California Vehicle Code 14601(a) - Driving on a Suspended License

You risk future driving privileges by operating a motor vehicle while your driver’s license is suspended. A conviction for this offense could result in your license being suspended even longer, it could be revoked, and you would face fines and/or possible jail time. There are also long-term consequences associated with a poor driving record.

It’s highly recommended you find a criminal defense lawyer who is experienced in fighting these charges. An effective legal defense could potentially get maximum charges reduced depending on the circumstances of your case. For a thorough explanation of this statute, let’s take a look at how California defines driving on a suspended license.

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Definition of Driving on a Suspended License

California defines this statute under Vehicle Code 14601(a). This law states it is a crime to operate a motor vehicle while your driver’s license is suspended. A suspended or revoked license means your driving privileges are stripped for an indeterminate period. You commit this crime when you:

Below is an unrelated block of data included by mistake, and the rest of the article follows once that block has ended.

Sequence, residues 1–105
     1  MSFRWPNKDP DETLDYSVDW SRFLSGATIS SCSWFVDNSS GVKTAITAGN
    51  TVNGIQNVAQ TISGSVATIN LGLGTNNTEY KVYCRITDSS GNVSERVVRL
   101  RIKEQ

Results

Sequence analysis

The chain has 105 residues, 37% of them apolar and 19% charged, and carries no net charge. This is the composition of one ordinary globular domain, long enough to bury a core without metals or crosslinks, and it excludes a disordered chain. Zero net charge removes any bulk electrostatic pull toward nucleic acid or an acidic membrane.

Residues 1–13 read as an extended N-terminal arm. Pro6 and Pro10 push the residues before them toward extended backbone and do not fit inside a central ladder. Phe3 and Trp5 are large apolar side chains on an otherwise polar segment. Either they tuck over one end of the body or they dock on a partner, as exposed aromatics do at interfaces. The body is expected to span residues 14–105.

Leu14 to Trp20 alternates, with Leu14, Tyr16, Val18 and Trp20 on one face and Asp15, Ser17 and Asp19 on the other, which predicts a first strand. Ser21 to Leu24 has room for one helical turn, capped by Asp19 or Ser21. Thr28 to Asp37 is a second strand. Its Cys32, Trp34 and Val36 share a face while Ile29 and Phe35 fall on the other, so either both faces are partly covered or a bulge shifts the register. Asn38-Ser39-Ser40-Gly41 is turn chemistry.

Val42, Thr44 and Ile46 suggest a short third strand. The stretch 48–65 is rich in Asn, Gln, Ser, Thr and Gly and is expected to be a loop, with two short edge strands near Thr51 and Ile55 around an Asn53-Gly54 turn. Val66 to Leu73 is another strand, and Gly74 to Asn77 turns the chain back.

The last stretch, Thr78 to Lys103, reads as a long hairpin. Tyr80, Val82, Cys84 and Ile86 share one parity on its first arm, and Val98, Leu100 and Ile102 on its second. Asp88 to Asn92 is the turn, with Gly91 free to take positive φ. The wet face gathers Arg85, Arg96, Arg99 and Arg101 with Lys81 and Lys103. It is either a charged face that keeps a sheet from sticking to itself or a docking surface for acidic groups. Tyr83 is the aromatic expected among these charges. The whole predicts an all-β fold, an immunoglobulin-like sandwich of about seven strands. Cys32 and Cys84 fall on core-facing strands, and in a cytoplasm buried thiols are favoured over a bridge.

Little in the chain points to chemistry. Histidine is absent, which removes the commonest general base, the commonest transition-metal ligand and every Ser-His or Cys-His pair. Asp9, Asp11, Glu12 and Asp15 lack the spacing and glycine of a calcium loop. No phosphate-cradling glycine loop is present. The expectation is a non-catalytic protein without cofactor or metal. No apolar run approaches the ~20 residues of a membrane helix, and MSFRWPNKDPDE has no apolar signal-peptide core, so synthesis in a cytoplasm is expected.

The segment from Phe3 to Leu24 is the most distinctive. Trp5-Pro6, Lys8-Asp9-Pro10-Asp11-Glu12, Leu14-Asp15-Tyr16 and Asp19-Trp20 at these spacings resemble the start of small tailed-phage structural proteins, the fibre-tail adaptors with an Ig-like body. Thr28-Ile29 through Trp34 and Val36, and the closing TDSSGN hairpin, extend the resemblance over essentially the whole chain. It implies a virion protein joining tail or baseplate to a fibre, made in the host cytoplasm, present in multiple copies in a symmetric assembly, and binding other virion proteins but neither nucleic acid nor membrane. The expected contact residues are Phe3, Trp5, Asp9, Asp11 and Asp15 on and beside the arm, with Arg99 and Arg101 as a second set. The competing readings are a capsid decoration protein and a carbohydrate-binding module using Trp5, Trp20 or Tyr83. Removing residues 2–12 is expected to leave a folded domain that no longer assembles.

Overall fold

• Operate a motor vehicle while your driver’s license is suspended or revoked; and
    • Either by court order or DMV notice,
    • Due to one’s incompetence, recklessness, or negligence,
    • Or for refusing chemical tests during a DUI/DUID investigation.
  • You knew your license was suspended or revoked at the time you were pulled over.
    • Knowing you are legally barred from driving means you received a statement of notice from the DMV regarding your license suspension or revocation.
      • The DMV is tasked with mailing this notice to your last/current known address.
      • If the notice is not returned, the assumption is that the document was successfully received by the defendant.

The consequences of receiving this Vehicle Code violation are also determined by the reason the driver’s license was suspended, to begin with. Being stripped of your legal ability to drive could have an unfortunate cascade effect outside of court. Unfortunately, it’s not unheard of for a poor driving record to impact job opportunities and future auto-insurance policies.

Associated Offenses

There are related laws that if frequently violated could result in legally suspended or revoked driving privileges. Getting charged with driving on a suspended license is commonly associated with these offenses.